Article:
This regulation is directly related to the Nobel Prize in Chemistry awarded in 1986 to Dr. John C. Polanyi of the University of Toronto. There was considerable public sentiment that Dr. Polanyi not be subject to income tax on this prize. As a result the Income Tax Act was amended to introduce the concept of a tax exempt “prescribed” prize. It is one of the most straightforward provisions in Canadian tax law. All that is required is:

    1. recognition of the prize by the general public; and
    2. that the prize is awarded for meritorious achievement in the arts, the sciences or service to the public (I am intentionally omitting the irrelevant language about compensation for services).

Surprisingly, the CRA has concluded that Canada’s Olympic medalists were not being awarded for “service to the public”:

I must clarify that the media reports you refer to dealt not with the value of the medals themselves but with the prize money the Canadian athletes who won medals at the Games. Paragraph 56(1)(n) of the Income Tax Act states that the total of all amounts received in the year as, or on account of a prize for achievement in a field of endeavour that the taxpayer ordinarily carries on should be included in the taxpayer’s income. This provision of the Act would not normally apply to your example of a lottery winner; however, paragraph 56(1)(n) is sufficiently broad as to apply to a prize awarded to an athlete for winning an Olympic medal.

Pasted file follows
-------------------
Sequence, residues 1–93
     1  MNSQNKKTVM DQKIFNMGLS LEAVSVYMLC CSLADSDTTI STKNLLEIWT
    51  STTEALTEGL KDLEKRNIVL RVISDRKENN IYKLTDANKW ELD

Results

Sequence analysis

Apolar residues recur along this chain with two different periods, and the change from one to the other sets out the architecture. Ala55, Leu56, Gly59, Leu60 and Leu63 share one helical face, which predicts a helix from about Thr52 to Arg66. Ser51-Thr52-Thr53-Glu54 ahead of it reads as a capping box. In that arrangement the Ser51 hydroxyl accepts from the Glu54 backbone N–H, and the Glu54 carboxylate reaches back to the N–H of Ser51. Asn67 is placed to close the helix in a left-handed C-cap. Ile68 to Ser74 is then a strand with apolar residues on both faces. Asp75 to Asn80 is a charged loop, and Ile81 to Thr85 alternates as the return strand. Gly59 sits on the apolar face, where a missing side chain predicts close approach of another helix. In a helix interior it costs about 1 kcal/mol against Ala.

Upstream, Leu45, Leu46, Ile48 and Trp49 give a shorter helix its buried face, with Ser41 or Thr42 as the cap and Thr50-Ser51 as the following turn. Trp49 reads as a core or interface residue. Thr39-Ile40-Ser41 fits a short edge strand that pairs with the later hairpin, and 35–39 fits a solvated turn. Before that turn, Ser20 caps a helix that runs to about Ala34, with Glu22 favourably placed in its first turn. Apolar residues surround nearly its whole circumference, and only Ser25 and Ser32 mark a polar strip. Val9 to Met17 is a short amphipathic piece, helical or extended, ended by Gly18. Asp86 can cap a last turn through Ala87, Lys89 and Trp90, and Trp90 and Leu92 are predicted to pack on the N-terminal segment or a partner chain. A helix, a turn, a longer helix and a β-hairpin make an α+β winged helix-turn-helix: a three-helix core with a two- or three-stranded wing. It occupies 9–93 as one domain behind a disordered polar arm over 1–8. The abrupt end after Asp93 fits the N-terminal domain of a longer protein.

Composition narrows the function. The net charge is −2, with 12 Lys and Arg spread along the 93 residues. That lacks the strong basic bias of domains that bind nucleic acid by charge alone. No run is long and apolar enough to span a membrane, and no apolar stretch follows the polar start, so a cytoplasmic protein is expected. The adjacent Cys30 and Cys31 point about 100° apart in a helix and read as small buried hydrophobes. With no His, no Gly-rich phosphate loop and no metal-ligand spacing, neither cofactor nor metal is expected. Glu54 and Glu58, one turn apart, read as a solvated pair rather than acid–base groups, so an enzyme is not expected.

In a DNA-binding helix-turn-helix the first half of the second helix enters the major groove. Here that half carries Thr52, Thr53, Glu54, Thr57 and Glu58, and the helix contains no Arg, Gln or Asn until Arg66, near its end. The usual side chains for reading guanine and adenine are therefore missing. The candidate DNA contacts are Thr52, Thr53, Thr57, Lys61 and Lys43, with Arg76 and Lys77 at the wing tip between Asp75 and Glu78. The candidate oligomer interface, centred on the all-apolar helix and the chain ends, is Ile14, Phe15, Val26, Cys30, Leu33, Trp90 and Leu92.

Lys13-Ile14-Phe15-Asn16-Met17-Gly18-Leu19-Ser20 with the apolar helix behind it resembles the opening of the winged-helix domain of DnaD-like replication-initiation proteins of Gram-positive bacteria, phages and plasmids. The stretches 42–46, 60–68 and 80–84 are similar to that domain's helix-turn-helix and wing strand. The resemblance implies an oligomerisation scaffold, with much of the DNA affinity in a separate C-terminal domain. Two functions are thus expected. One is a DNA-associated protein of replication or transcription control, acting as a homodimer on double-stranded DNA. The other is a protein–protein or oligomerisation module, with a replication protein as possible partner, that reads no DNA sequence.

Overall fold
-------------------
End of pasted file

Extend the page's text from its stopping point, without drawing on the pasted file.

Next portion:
I note that the Act provides an exception to this rule for a prescribed prize. For purposes of this exception, section 7700 of the Income Tax Regulations defines a “prescribed prize” as any prize that is recognized by the general public and that is awarded for meritorious achievement in the arts, the sciences, or in service to the public. Although winning an Olympic medal may be an internationally recognized achievement and could indirectly promote a sense of nationalism, such a prize is not awarded in recognition of service to the public and therefore would not be a prescribed prize and would not fall within the exception.

CRA Document 2008-0300071M4 “Olympic medals” (26 June 2009)

Since it first participated in the games of 1900, Canada has won 278 medals in the Summer Games (an average of 11 per Games) and 145 in the Winter Games (an average of 7 per Games). It is astonishing that the CRA and the Department of Finance would regard the taxation of these awards as material. To suggest that these young men and women who spend years of their lives training for the chance once every four years to put the Canadian flag and anthem on display for the entire world to see and hear are not engaged in service to the Canadian public is not only unsupportable in light of the text, context and purpose of the provision, but serves to undermine the federal government’s own financial support of amateur athletics and best and brightest of Canada’s Olympic athletes. It is hoped that the CRA sees the light sooner rather than later and changes its position accordingly.

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No Medal for CRA’s Questionable Treatment of Canadian Olympic Medalists